Frustration Fights Creativity
There isn't a writer alive who hasn't thrown their hands up at one time or another and screamed under their breath. Especially when you are working with a mentor - or in our case - mentors.
Sometimes information comes at us so quickly that we can't take it all in at once. In our minds, the story we've penned makes perfect sense. How can my mentor keep asking me questions - no rapid-fire questions, one after the other?
Take a deep breath and relax. Mentoring can become frustrating and it happens because of two things.
- You are learning a massive amount of information at once
- You struggle with the thoughts that you imagined your work was not so messed up. Well, take heart, your work isn't messed up. You are learning. That's why you hired a mentor(s).
When you feel overwhelmed frustration will happen. Here are some tips to help you sort through the frustration:
- Step away for a few hours - Clear your mind. A lot of changes and suggestions can look never-ending. It doesn't mean your work is bad, it means you need to tweak some of the basics to pull things together. So, step away for a day and let your mind rest. Absorb what you've been handed, then come back with fresh eyes and a better outlook.
- Learn to filter information - When you receive large chunks of information many times your critiquer is "dumping". This simply means there are tons of things that can be chosen to work with. It doesn't mean you accept every suggestion. You know what you are writing and a mentor or critiquer can only voice items they can see that are either problems or possibilities. Learn to filter through what you can use. It's not a bad thing. Pick and choose the items of information you use and then use them. Once you've included them, then go back to your mentor and let them help you smooth out the work. FILTERING is important.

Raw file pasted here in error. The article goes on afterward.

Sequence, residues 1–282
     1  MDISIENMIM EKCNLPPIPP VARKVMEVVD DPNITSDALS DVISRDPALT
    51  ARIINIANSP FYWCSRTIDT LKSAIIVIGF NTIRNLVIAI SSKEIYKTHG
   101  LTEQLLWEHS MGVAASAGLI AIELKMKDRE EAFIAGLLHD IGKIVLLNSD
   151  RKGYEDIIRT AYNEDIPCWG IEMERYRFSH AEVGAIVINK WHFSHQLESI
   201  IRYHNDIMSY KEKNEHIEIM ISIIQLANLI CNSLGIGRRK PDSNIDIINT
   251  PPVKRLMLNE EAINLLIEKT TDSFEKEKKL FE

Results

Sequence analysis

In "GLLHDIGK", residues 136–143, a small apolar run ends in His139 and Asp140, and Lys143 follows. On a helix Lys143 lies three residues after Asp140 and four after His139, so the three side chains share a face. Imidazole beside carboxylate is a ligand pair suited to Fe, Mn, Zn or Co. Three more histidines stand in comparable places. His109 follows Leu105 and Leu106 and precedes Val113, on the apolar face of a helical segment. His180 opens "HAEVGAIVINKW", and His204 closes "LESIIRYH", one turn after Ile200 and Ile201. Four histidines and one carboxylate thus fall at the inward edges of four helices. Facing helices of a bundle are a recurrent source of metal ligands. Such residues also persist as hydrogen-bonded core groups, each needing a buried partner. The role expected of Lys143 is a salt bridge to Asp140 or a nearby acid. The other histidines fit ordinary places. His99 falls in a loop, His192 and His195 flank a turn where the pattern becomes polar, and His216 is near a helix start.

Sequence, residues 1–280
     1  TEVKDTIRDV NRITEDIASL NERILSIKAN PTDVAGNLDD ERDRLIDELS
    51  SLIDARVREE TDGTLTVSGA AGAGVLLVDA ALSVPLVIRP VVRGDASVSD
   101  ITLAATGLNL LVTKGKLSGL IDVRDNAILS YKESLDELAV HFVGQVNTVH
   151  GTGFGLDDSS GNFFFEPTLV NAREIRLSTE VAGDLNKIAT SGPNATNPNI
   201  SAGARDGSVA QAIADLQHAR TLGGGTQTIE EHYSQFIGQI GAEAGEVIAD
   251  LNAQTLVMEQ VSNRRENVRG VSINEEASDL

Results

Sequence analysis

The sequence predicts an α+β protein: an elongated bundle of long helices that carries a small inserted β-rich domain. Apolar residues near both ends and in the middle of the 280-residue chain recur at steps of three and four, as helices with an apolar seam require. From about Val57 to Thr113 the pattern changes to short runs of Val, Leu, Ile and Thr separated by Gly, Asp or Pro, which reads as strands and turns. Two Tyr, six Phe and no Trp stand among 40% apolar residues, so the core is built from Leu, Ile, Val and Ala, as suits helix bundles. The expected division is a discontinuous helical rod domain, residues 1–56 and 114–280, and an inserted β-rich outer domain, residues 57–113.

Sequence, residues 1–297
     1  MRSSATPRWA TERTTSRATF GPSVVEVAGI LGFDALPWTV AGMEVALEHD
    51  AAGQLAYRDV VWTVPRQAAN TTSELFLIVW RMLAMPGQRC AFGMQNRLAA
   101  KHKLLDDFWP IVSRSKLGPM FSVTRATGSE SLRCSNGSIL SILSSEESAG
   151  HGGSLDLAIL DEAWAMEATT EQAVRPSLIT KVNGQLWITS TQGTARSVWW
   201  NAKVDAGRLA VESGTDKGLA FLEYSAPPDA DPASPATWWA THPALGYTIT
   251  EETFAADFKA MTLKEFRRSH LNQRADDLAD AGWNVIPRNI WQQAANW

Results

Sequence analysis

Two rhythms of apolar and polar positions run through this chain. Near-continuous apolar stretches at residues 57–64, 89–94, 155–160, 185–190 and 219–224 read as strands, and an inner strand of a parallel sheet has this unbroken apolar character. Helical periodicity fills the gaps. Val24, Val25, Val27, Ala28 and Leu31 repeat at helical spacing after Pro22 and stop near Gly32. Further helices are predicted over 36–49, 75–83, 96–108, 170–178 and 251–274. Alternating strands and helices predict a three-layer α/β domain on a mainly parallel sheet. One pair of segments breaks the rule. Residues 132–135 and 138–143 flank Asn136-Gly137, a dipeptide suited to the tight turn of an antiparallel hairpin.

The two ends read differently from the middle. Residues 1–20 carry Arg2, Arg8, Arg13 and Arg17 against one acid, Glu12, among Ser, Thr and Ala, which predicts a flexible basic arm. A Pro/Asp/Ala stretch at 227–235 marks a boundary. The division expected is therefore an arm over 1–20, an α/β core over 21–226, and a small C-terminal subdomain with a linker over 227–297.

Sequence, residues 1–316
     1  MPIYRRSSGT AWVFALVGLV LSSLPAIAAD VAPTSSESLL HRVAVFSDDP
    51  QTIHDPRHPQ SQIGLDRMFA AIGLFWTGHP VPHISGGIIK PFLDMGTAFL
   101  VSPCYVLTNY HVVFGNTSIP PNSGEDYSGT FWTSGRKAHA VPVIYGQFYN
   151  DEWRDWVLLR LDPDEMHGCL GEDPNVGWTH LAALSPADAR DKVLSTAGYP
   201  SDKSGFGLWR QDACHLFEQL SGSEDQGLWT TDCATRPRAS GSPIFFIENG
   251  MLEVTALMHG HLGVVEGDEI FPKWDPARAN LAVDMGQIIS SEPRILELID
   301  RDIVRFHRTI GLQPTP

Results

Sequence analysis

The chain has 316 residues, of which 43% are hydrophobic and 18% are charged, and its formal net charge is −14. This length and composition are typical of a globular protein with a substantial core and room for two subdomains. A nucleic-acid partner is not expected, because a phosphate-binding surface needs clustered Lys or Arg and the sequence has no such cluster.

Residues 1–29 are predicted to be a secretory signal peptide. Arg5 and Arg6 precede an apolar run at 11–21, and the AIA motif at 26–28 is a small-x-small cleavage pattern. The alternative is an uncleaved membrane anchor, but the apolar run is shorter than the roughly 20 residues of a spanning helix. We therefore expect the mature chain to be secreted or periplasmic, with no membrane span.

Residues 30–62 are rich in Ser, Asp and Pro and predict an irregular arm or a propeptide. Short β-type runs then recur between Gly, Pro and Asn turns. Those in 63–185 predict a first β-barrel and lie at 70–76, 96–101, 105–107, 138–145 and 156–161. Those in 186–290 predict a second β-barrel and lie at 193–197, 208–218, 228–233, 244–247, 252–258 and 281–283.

- Don't let your self-talk become negative - Just because you are making corrections or tweaking
and rewriting does not mean your work is bad. Remember, there are always better ways to write something. Allow your self-talk to reinforce your efforts and become encouragement. Stop those thoughts that say, "I must be a lousy writer." Change it to, I'm becoming a better writer.
- Talk with your mentor - Share that you are feeling overwhelmed and work out a plan to break suggestions down into smaller bites. Your mentor is there to help you, not to frustrate you, but only you can draw the line in the sand and wave the white flag. Communication is vital and if you are not expressing to your mentor that you are feeling overwhelmed, then you are wasting your time and money. Part of a mentor's job is to walk you through these times and break them down into smaller portions so that you can successfully write.
- Keep at it - but work in smaller portions. Rather than busting out 4000 words in a day. Take a step back, and write half that so you can re-read and re-work without feeling as though you can't get through.
- Don't rush your project for unrealistic deadlines - be practical. Consider your work schedule, family time, and writing time. Balance them and set writing deadlines that are realistic and that don't send you into panic if you can't meet them. Set an achievable goal and then stick to it. Even well-versed writers have to set realistic goals that work into their daily lives. Be kind to yourself and work consistently and on deadlines you can achieve.